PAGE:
Wild raccoons, opossums, rabbits and squirrels are scurrying in John and Brenda Baughman's living room.
They don't smell too great, despite the pine shavings that line their cages, but they keep their chatter to a minimum.
They're hurricane refugees.
The Baughmans run Wildlife Haven Rehab Inc., a refuge for Florida mammals too sick, injured or young to care for themselves. Falling oaks from Hurricane Jeanne left several dozen of their critter clients with crushed pens.
Down went the two-story plywood "raccoon condos" near the Baughmans' house. Squirrels, opossums and rabbits scampered from cages pierced by broken boughs.
So the 50-something animal lovers filled their modest rural home with their friends of the forest until the cages are replaced or repaired.
"We'll put up with some odor _ a little while," John Baughman says.
"We want them out quick as possible," Brenda Baughman says.
In their love for blind squirrels, orphaned raccoons, lame horses and abused chickens, the Baughmans have few equals. A couple hundred mostly penned animals overrun their 3-acre farm in Odessa.
Most of the wild animals, once healthy, will return to nature. One young deer hit by a car in Hernando County cowers in a pen until he's ready to rejoin his friends.
Others are too infirm and will live out their days in peace at the Baughmans' farm. They include a blind raccoon that park rangers trucked to Odessa from Fort DeSoto Park.
"It's a no-kill shelter," said Dawn Ladd, a Pinellas County animal lover who volunteers at Wildlife Haven.
Farm animals creep into the menagerie as well. A starved thoroughbred named Venus and a lame horse named Sunny arrived as physical wrecks but are now healthy, beloved pets.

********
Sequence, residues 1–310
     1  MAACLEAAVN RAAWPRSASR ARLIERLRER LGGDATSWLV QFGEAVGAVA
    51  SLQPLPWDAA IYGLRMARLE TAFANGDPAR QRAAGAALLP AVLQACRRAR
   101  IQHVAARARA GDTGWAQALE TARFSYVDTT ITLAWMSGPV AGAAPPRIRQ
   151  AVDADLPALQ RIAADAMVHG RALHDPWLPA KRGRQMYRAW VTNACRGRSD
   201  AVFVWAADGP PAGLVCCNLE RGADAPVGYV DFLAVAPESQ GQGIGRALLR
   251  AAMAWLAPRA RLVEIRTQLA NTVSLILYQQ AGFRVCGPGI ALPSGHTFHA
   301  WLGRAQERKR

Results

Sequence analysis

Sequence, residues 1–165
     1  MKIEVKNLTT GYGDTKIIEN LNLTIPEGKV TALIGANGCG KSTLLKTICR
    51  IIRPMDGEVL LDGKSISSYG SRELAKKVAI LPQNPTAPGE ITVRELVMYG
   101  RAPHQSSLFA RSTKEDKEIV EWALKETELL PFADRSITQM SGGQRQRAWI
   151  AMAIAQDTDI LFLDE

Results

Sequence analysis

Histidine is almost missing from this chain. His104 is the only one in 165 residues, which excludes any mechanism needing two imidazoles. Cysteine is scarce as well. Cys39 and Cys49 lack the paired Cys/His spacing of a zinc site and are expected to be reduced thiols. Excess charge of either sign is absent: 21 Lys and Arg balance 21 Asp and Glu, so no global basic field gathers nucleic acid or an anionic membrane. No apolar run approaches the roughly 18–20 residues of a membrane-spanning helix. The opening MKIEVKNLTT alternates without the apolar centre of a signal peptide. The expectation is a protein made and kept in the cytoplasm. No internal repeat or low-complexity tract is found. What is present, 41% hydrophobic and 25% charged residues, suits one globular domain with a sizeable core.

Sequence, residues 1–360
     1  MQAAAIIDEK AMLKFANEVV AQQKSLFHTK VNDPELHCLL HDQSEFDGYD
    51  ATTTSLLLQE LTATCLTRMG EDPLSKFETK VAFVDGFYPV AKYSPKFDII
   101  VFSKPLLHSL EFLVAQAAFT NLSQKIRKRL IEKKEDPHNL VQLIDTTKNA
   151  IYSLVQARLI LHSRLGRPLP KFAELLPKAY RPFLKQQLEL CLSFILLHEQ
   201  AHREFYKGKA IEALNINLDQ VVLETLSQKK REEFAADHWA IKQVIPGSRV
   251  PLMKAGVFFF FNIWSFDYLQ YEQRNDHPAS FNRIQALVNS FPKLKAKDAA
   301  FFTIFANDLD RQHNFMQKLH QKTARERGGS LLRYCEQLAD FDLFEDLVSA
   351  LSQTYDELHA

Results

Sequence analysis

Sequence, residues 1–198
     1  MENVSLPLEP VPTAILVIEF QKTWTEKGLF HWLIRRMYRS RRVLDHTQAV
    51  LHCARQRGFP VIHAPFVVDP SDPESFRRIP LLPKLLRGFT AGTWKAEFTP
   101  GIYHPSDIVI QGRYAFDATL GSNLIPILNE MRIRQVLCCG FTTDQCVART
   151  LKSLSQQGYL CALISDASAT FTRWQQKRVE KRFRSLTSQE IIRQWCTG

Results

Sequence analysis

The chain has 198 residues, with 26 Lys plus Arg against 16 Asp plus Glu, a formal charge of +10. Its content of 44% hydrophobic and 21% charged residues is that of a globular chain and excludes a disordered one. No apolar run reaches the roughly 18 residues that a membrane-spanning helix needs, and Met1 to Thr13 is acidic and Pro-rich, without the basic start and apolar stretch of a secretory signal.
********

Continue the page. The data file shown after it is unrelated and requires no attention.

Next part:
"They were going to take her to the meat market if we didn't take her," Brenda Baughman said of Venus.
So all-consuming is the animal rehab operation, the Baughmans haven't taken a vacation in 20 years. John Baughman's salary as a circuit board designer in Clearwater pays for some things, but they have to economize.
"We go through 50 pounds of peanuts a month," John Baughman says of the supply he tosses to pet goats and wild squirrels.
"Fifty pounds? More like 50 pounds every two weeks," Brenda says.
"Well, we've been cutting back," John says.
Eggs from a coop of rescued chickens feed the raccoons. A free-ranging goat provides milk for bottle-fed baby raccoons. Even the fallen trees will be recycled, used for wood chips to line pens and cages.
The couple have a stock of weird animal tales. Many of the raccoons they nurse have been injured by sharp soup cans while rummaging through people's trash cans. One even arrived with a mayonnaise jar stuck on its head.
Wildlife Haven's bird shelter in Tampa cares for an American bald eagle that plummeted through a homeowner's screened porch and splashed into the swimming pool with an injured wing.
Some people bring over what they think are infant raccoons they've found on their property. The Baughmans don't have the heart to tell them they actually handled baby rats.
"Florida has come in and built up homes and taken their habitat," Brenda Baughman says of her charges. "They have nowhere to live."
Wildlife Haven is struggling to repair the pens destroyed by Jeanne. Plywood, chain-link fence and sand are in short supply. Animal food donations, including finger bananas from backyard trees, are appreciated. The phone number is (813) 792-8511.
So overloaded is their yard, the Baughmans have temporarily stopped animal deliveries. But it's only a matter of time before a gimpy squirrel shows up at their doorstep and a home is provided for him out back. "We can never say no," Brenda Baughman says. "That's our problem."